The production was first class, with excellent acting throughout, fine set, fine specially composed music and striking costumes. All the actors are to be congratulated for their moving performances. The play needs a very strong Hecuba to hold it together and Georgia Pearce more than rose to the challenge. She was excellent throughout, noble and credible, despite playing a character a generation older. And all that line learning! Interestingly we noted that Georgia is not actually a Classics student and in fact this was the case for several of the actors. Isobel Cairns was a credible Polyxena: plaintive yet tragically noble. Ian Wong carried off Talthybius particularly well and his speech was movingly visualised with shadow play enacting the sacrifice of Polyxena. Agamemnon Apostolou’s Odysseus was strikingly fluent and had a fabulous suit of armour.

Perhaps the most difficult part to pull off is the blustering Polymestor. He is an almost comic buffoon who blusters his way through his bullying and posturing but tragically loses his little children and his sight, as he is blinded in revenge for the murder of Polydorus. Darius Sobhani pulled this scene off well, though it was a pity that there was no sign of his children. Helen Ashton as Polydorus’ ghost was also plaintive without being sentimental or mawkish. Anna Rallison’s maid was strong and Georgios Matalliotakis’Agamemnon convinced in his unexpected kindliness towards Hecuba.

The masked chorus were perfectly trained and their polyphonic chanting and singing in minor keys underlined the strong emotions of the tragic unfolding. Their ever screaming faces contrasted well with the more mobile unmasked actors. It was a bit of a shame, however, that their musical accompaniment was at times a little too strong for their voices, and so they could not always be clearly heard.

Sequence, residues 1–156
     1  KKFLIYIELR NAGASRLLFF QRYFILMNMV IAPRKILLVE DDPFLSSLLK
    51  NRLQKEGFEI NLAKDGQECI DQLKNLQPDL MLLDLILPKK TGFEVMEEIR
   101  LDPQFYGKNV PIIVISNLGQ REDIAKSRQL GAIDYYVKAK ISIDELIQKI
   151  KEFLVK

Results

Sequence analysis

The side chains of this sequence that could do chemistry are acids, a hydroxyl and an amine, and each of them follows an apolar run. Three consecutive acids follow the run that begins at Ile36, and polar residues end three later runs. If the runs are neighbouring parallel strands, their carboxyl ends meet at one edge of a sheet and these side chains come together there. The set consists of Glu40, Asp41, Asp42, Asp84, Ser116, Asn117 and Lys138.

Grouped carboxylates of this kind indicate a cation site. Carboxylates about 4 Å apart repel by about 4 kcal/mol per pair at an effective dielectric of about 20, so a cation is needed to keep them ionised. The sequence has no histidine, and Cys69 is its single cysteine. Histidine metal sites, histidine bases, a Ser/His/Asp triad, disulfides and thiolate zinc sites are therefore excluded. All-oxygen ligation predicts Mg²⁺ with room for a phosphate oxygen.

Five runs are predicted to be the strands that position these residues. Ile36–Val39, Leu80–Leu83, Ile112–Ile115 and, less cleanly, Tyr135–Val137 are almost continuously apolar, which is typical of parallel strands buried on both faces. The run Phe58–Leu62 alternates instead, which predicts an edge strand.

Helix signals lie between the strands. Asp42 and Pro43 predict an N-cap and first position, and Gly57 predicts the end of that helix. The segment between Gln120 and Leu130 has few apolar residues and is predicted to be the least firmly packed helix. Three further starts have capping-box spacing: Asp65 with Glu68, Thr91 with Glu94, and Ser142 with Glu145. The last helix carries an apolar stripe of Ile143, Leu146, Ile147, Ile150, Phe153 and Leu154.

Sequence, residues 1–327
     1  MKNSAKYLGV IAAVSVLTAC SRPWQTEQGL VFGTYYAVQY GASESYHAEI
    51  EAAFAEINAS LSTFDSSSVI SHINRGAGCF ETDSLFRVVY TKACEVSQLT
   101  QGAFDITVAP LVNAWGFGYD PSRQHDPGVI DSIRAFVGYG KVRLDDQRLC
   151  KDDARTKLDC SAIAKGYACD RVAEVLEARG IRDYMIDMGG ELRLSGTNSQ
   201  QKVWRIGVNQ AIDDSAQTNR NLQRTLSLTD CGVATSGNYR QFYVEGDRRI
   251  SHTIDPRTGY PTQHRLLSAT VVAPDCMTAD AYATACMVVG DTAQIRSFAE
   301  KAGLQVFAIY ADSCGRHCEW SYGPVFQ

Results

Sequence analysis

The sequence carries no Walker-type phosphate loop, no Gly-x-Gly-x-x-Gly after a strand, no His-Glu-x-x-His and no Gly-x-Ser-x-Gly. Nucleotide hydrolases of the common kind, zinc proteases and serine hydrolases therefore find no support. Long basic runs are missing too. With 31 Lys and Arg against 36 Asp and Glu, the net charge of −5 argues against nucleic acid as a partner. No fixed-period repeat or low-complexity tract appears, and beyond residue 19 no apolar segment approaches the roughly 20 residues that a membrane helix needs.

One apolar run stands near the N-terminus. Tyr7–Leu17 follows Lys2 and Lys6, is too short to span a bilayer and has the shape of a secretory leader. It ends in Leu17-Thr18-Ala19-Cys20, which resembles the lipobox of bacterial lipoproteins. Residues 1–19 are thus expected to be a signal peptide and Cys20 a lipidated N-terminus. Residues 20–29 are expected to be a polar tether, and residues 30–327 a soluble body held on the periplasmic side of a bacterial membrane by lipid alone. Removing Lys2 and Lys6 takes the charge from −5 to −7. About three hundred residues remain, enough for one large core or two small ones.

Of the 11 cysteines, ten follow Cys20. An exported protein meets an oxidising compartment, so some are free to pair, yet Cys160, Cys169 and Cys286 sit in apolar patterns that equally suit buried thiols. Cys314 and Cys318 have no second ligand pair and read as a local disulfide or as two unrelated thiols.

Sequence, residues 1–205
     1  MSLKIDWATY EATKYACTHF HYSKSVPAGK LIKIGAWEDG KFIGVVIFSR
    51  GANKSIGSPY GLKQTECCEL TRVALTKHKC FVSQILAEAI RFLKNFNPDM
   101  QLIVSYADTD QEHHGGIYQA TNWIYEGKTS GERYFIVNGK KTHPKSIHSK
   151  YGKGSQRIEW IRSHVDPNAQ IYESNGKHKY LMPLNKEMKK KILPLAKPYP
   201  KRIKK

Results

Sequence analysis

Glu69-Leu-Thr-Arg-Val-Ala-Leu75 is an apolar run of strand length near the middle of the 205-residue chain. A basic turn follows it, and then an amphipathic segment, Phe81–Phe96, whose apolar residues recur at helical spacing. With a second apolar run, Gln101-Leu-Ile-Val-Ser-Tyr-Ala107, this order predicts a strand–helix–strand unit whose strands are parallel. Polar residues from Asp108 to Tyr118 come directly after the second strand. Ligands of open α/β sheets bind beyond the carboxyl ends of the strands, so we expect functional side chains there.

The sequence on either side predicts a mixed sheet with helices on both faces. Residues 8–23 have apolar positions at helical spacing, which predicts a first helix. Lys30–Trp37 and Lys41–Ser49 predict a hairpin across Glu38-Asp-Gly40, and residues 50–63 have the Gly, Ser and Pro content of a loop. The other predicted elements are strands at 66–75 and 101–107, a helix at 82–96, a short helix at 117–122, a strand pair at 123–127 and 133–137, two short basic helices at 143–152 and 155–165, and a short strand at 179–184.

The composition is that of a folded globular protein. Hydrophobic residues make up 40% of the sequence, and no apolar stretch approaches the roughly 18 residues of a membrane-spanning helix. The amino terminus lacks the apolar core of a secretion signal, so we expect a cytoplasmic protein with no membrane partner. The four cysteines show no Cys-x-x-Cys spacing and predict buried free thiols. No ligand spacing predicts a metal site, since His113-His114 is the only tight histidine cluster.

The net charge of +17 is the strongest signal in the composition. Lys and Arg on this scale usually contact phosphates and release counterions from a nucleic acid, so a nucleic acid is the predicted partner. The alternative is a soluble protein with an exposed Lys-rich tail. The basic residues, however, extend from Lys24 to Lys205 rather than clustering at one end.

There are always of course a few whinges but these were very minor. The helpful surtitles seemed to have had an American spell check used on them at times and we spotted the odd typo in the Greek names. A vicar friend remarked that the corpse of Polydorus did not seem heavy enough when ‘he’ was brought in either: corpses of course are a terrible dead weight. Once again this production was an absolute tour de force and every member of the production is to be congratulated.

2013: Sophocles - Oedipus at Colonus

2013 Greek Play photograph (1)Review by Cathy Mercer, Open University:

The choice of play was courageous. I must admit that I approached this production with some dread, as Oedipus at Colonus is not only lacking in obvious tragic action but is also much longer than most other tragedies, at 1800 lines. However, as on so many other occasions, the King’s College Greek Play surpassed all expectations. It was moving, driven and subtly but not excessively abridged.